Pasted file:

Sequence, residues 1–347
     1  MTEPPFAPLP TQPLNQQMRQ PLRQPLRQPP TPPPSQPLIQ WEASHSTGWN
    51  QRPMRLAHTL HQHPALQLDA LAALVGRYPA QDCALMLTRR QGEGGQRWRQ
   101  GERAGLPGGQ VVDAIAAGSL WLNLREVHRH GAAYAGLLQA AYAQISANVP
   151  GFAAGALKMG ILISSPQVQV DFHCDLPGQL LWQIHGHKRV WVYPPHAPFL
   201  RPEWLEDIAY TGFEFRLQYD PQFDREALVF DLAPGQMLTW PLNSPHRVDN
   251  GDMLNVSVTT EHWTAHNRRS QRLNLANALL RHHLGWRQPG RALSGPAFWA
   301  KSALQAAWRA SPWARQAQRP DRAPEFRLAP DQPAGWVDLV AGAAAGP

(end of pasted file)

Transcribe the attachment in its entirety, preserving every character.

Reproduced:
Sequence, residues 1–347
     1  MTEPPFAPLP TQPLNQQMRQ PLRQPLRQPP TPPPSQPLIQ WEASHSTGWN
    51  QRPMRLAHTL HQHPALQLDA LAALVGRYPA QDCALMLTRR QGEGGQRWRQ
   101  GERAGLPGGQ VVDAIAAGSL WLNLREVHRH GAAYAGLLQA AYAQISANVP
   151  GFAAGALKMG ILISSPQVQV DFHCDLPGQL LWQIHGHKRV WVYPPHAPFL
   201  RPEWLEDIAY TGFEFRLQYD PQFDREALVF DLAPGQMLTW PLNSPHRVDN
   251  GDMLNVSVTT EHWTAHNRRS QRLNLANALL RHHLGWRQPG RALSGPAFWA
   301  KSALQAAWRA SPWARQAQRP DRAPEFRLAP DQPAGWVDLV AGAAAGP